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Hi,

I stopped eating meat and fish around 3 weeks ago. I am a little overwhelmed by the amount of information available on the internet regarding vegetarianism and wondered if anyone can help with a few of my main concerns or provide a link that may help? :)

I'd like to know which foods are considered the best protein and iron sources and what type of quantity of them I need to eat each day. I have in the past had incredibly low iron levels on several occasions and am keen to include enough in my diet to avoid taking supplements.

I also wondered what thoughts others have on 'tofu' and 'quorn' type products. I haven't eaten these as to me they don't seem particularly healthy - am I wrong? Should I include them in my diet to ensure I get enough protein?

I do enjoy a range of foods - I love chick peas, lentils, beans, nuts, seeds. I adore all fruit and love mushrooms, root vegetables (I could eat sweet potato every day!) and mediterranean type vegetables (peppers, courgettes etc). I am also still eating eggs and dairy products. I struggle hugely with green veg though and this worries me as my diet needs to be balanced. I wonder if it's best to try to have a green veg 'smoothie' each morning to try to ensure that I get the correct nutrients?

Finally, why are so many of the vegetarian recipes that I see loaded with cheese or heavy on pastry? I seem to have come across a lot of recipes that don't strike me as being particularly healthy!

Sorry this is a long post! Thank you in advance for any help - I'd really like to be a healthy vegetarian!
 

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Hi,

I stopped eating meat and fish around 3 weeks ago. I am a little overwhelmed by the amount of information available on the internet regarding vegetarianism and wondered if anyone can help with a few of my main concerns or provide a link that may help? :)

I'd like to know which foods are considered the best protein and iron sources and what type of quantity of them I need to eat each day. I have in the past had incredibly low iron levels on several occasions and am keen to include enough in my diet to avoid taking supplements.

I also wondered what thoughts others have on 'tofu' and 'quorn' type products. I haven't eaten these as to me they don't seem particularly healthy - am I wrong? Should I include them in my diet to ensure I get enough protein?

I do enjoy a range of foods - I love chick peas, lentils, beans, nuts, seeds. I adore all fruit and love mushrooms, root vegetables (I could eat sweet potato every day!) and mediterranean type vegetables (peppers, courgettes etc). I am also still eating eggs and dairy products. I struggle hugely with green veg though and this worries me as my diet needs to be balanced. I wonder if it's best to try to have a green veg 'smoothie' each morning to try to ensure that I get the correct nutrients?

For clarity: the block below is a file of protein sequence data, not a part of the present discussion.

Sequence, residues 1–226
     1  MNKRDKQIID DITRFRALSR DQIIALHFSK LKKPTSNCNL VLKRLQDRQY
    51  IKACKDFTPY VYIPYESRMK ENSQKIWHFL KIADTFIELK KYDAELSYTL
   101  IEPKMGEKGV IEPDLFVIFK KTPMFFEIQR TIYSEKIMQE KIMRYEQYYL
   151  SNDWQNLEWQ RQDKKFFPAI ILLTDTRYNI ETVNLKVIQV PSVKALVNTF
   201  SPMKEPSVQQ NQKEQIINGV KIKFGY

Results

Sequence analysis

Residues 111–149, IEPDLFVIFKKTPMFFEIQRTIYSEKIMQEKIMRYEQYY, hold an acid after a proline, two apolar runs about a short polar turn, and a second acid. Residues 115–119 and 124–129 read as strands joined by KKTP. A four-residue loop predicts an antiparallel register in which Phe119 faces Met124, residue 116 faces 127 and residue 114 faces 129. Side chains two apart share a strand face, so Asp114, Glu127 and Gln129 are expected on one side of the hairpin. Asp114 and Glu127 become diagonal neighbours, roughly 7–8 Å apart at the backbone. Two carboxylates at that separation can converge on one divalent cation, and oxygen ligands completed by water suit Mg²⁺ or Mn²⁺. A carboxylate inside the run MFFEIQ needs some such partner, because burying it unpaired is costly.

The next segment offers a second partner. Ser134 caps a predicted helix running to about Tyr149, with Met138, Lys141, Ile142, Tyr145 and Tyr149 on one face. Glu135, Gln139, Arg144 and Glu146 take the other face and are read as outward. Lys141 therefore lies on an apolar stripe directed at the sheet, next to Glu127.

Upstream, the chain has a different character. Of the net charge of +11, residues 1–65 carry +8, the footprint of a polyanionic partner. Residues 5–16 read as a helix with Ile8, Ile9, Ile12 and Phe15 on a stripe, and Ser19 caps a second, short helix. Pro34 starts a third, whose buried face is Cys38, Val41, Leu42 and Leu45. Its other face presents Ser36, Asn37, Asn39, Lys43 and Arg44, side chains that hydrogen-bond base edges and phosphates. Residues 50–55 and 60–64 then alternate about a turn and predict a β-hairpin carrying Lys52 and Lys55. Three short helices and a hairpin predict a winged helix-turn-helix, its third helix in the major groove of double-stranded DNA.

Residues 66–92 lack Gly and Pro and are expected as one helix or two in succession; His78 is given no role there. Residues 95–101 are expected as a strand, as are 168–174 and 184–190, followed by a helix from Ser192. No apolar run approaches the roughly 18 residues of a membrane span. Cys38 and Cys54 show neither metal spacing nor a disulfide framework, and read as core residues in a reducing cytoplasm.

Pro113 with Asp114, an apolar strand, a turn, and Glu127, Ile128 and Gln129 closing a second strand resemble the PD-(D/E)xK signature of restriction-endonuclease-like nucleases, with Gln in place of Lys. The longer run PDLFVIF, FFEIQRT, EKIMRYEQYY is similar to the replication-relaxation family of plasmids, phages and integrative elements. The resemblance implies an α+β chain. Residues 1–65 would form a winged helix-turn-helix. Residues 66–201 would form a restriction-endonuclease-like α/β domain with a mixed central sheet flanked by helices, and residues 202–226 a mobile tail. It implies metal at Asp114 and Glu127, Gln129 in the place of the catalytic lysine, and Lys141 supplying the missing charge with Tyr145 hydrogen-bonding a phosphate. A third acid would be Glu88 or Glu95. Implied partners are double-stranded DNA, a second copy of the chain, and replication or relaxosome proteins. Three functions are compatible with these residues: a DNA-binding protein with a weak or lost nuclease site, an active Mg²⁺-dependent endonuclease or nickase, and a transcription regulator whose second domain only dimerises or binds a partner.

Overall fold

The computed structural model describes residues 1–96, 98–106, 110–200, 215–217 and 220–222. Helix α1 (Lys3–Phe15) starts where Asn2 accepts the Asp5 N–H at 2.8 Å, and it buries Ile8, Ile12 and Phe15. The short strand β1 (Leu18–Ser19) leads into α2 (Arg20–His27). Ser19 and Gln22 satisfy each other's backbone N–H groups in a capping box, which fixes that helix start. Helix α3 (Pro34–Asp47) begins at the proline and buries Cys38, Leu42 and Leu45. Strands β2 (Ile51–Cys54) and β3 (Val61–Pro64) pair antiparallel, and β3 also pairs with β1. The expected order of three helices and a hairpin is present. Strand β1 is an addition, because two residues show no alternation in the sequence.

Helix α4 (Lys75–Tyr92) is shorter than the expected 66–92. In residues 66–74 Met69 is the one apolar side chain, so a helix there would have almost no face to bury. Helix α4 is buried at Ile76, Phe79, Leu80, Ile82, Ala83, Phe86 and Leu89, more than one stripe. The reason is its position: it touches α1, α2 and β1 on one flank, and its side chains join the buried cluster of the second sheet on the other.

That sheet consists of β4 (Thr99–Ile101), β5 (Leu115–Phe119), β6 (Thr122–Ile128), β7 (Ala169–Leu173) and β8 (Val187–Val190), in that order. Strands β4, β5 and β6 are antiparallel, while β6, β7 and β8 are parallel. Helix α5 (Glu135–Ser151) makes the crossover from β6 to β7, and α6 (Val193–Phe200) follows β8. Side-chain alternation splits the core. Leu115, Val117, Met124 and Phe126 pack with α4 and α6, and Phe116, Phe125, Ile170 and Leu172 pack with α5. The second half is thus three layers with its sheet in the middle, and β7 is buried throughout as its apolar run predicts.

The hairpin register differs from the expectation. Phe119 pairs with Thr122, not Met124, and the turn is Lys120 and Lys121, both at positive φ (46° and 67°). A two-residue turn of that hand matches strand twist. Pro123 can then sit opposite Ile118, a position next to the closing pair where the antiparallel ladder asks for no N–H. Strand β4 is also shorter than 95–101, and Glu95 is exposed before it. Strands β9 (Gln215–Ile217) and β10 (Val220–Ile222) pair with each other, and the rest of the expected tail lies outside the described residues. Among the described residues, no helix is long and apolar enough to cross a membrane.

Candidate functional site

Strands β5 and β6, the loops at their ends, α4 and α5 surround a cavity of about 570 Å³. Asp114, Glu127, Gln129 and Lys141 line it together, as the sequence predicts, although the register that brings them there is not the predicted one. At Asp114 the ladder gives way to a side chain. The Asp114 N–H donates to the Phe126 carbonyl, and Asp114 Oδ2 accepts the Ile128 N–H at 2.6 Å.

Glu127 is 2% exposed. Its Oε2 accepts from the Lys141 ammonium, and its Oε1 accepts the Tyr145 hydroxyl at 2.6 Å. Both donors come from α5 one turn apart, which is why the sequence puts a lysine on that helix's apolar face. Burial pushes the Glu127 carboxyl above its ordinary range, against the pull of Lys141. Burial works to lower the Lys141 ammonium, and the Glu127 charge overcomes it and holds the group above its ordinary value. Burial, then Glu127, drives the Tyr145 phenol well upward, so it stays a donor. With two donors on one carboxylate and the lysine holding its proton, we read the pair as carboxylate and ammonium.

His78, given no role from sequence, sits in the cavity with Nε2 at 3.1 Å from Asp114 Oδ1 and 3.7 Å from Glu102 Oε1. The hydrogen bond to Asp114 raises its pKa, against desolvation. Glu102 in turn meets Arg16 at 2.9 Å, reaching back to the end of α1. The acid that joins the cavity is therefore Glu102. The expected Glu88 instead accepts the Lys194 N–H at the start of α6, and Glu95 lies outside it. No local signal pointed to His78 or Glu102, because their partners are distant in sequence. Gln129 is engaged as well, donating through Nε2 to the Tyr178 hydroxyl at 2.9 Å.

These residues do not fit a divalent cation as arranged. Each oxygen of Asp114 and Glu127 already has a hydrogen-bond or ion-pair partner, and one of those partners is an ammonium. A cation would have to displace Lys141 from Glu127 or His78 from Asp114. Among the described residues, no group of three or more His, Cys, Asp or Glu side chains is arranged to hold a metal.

Finally, why are so many of the vegetarian recipes that I see loaded with cheese or heavy on pastry? I seem to have come across a lot of recipes that don't strike me as being particularly healthy!

Sorry this is a long post! Thank you in advance for any help - I'd really like to be a healthy vegetarian!
For some iron boost, grab a cast iron skillet and cook the veg in that (do some reading on care and seasoning of cast iron ... it'll last until you give it to the great grandkids).

On protein, folks who know more than I will certainly help out, but my limited knowledge says : beans, tofu and protein powders in shakes for the easy ones :)
 

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Spinach is a good source of iron

Beans (like said above) along with nuts (like almonds) are a good source of protein

I also supplement protein with NOW sports Pea Protein powder.
 

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I don't know about quorn, but tofu is perfectly healthy and fine. Tofu has not only protein, but calcium, iron, selenium, zinc, magnesium, and omega 3 fatty acids. And there are so many dishes you can make with it. I use it to make homemade vegan mayonnaise, tofu chocolate pudding, and I use it in occasional stir fries or scrambled tofu and veggies.

Other sources of protein: tempeh, seitan (I make my own using vital wheat gluten...it is very easy to do and there are many recipes on the internet for seitan), whole grains like barley, oats, brown or wild rice, quinoa (is a complete protein), millet, buckwheat groats. Even pastas and soba noodles have a lot of protein. Broccoli, spinach, sweet potatoes, snap peas and other vegetables have a good share of protein in them. And of course beans are great sources of protein. Some nuts and seeds are good sources of protein as well as nut/seed/peanut butter, and even nutritional yeast packs something like 8 grams of protein per two tablespoons.

Iron rich foods: blackstrap molasses (good in stir fry Asian sauces, in hot cereal, in smoothies, in baking bread and other goods, with fruit etc); most beans/legumes; leafy greens; tofu; tomato paste; pumpkin seeds; dried apricots...

I eat a LOT of leafy greens and grow my own collard greens, beet leaves, and in the past grew spinach too. I add them finely chopped to soups, casseroles, garden salads, smoothies, sandwiches, or eat them all by themselves. Something as simple as sauteed collard greens in water or veggie broth or fruit juice and a squirt of fresh lemon juice and black pepper can be very satisfying as a side dish. A favorite breakfast of mine is to saute cubed tempeh, collard greens or kale, fresh cubed pineapple, and a squirt of lemon juice and ginger powder in a cast iron skillet. The pineapple has vitamin C that helps absorb all that iron. Another favorite dish that uses leafy greens: skin and steam some sweet potato in a steamer (it softens in ten minutes as opposed to baking them which takes much longer) and then add to a cast iron skillet with some cooked or canned black beans, chopped raw kale, and unsweetened coconut flakes. Saute in a little water or veggie broth or even add some plant milk in there and curry powder, ginger, indian spices like garam masala or turmeric. I like to leave a little crunch in my kale so I add those to the skillet at the last minute or so. A little chopped onion or scallions in there or leeks is great too!

This one sounds weird, but I will take a collard leaf, add a banana inside, add a dollop of peanut butter, then wrap it up tight and eat it. Collard leaves and chard leaves make great wraps.

It sounds like your diet is varied enough that you shouldn't have a problem!

Edit to add: here is a pic of the sweet potato/kale/coconut/black bean dish I sometimes make for a visual:
[/url]December 2014 027 by Naturebound2011, on Flickr[/IMG]
 

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Discussion Starter · #5 · (Edited)
Hi,

Thank you so much for taking the time to respond! I really appreciate your advice.